By Tom Frascella                                                                                                                                                                            October 2010

 Several of our members had the privilege of attending the St. Gerard Feast on October 16, 2010 at his National Shrine at St. Lucy’s Church, Newark New Jersey.

 St. Lucy’s Church is one of the oldest Italian American parishes in the United States and was originally incorporated in 1891 to serve the growing numbers of Italian Immigrants coming to the U.S. The original wood framed structure purchased in 1900 was damaged by fire and the present larger stone structure was built in 1925. The Church is located at 118 7th Ave. in what is known as the old first ward of the City of Newark.

 Like all early Italian American communities the first ward was made up of Italian immigrants who reflected strong regional identities rather than an Italian national identity. The art work and statuary of St. Lucy’s Church reflects the devotion to patron saints that many of these early Italian immigrants brought with them from their villages and towns. A tour around the beautiful interior of the Church is in part a tour via the saintly images of the many towns and villages of southern Italy and Sicily. For example, below is a photograph of the statue of the Ma Donna a copy of the image known to the village of Ricigliano.



                                                          Statue of Ma Donna                                                                Photo of Ma Donna dedication



 According to the history of St. Lucy’s Church, devotion to St. Gerard Maiella was introduced to the parish in 1899 by those who immigrated from the town of Caposele in Italy. Caposele is located about ten miles from the town of Muro Lucano where St. Gerard was born in 1726. Since his death in 1755 many miracles have been attributed to his intercession. Gerard was beatified in 1845 and as a result of the numerous miracles attributed to him was recognized as a saint of the Church in 1904.

 During the century long devotion to St. Gerard celebrated at St. Lucy’s Church the Church’s chapel which is dedicated to St. Gerard has been recognized as the U.S. national shrine in his honor.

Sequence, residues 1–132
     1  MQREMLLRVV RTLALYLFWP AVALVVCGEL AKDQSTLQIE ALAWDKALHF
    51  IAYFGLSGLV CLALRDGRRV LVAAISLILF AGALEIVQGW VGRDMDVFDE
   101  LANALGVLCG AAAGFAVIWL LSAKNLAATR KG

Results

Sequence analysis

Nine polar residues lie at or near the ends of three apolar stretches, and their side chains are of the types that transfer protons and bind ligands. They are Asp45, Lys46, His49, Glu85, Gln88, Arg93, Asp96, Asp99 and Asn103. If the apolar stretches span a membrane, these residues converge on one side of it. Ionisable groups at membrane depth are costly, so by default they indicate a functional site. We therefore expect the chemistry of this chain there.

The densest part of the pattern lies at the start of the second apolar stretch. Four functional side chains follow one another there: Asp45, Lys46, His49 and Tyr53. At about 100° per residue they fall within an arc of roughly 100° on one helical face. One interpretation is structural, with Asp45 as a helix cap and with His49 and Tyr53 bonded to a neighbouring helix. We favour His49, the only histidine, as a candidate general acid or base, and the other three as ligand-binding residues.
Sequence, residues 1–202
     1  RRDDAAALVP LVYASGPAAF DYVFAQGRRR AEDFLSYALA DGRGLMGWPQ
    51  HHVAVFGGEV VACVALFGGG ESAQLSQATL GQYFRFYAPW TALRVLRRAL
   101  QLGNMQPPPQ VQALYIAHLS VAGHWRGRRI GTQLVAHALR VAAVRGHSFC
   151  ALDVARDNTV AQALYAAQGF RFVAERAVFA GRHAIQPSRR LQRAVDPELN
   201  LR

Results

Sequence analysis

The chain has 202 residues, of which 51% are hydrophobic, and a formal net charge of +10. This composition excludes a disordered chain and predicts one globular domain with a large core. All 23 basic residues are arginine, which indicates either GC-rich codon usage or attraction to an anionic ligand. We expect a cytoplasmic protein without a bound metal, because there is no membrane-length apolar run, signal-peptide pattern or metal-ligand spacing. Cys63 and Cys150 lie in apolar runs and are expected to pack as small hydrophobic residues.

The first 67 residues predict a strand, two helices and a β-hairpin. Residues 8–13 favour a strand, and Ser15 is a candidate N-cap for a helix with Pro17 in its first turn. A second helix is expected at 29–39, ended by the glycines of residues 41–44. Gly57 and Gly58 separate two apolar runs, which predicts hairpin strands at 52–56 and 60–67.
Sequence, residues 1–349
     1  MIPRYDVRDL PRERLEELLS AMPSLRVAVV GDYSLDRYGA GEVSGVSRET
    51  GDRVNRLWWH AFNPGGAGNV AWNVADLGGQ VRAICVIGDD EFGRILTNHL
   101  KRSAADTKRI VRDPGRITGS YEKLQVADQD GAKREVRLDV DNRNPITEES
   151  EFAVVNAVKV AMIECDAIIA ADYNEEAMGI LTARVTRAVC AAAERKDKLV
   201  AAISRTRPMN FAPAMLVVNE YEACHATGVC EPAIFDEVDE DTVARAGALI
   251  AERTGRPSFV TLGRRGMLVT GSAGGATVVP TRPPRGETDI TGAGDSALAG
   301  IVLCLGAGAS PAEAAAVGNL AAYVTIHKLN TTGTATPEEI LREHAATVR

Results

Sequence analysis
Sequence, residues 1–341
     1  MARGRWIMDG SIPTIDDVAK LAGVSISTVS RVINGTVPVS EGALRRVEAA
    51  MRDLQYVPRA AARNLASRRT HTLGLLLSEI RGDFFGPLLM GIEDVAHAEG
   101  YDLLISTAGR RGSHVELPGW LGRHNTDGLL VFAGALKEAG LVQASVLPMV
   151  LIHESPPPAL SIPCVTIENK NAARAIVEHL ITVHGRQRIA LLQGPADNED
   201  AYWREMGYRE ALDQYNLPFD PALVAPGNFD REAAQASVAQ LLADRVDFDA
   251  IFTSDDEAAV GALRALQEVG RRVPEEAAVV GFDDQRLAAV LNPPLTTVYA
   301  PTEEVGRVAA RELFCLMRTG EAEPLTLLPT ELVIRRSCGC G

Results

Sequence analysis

St. Gerard Chapel within St. Lucy’s Church





 Although, St. Gerard’s feast day is October 16th the faithful of St. Lucy’s parish celebrate his life weeklong with novenas, masses and by decorating the chapel with festive flowers.





                                                                                               outer doorway to the chapel





  A three day outdoor festival is also held with food stands, colored lights and musical entertainment.



                                                                                                               Outdoor festival


     During each of the three days of the festival the life-sized likeness of the saint is removed from the chapel and first brought by the side alter. Displayed at the side alter is a photo board that the many faithful of the parish create each year as a testament to the successful but difficult births attributed to the intercession of St. Gerard who is the patron saint of expectant mothers.



                                          Side Altar                                                                                                       Photo Board                   




 At the main Church alter the statue is prepared for procession through the adjoining neighborhood. In southern Italian tradition when the patron saint was brought out for procession it was common to place offerings with the saint usually the rural currency was produce from the farms. In early Italian American culture the tradition was to actually pin currency to the garment of the statue. At the St. Gerard festival the Italian American tradition continues with something of a unique variation. Although they initially pin some currency on, the parishioners then start to wrap the statue in “blankets” of currency. By the time the statue is ready for the procession the wrap of “blankets” is actually several feet thick.



                                    Preparing Statue                                                                                    Statue ready for Procession



                                                                               Statue wrapped in "blanket" of currency


 The contributions are used to continue the mission of the parish, maintain the chapel and tradition and to build and maintain the outdoor plaza also dedicated to Saint Gerard.




                                                                                                             Plaza of St. Gerard


 In all I was impressed to spend the day surrounded by so many people of faith and devotion. Like many there we had travelled quite a distance but felt close to home.


                                                             Frank Bruno and Bart DiNola with whom I travelled to Newark






 Mary  Ricigliano Capaccio and daughter. Mary was born and grew up in the first ward of Newark and attends the feast every year.  At age ninety five Mary has recently found us on the internet become a member of our organization


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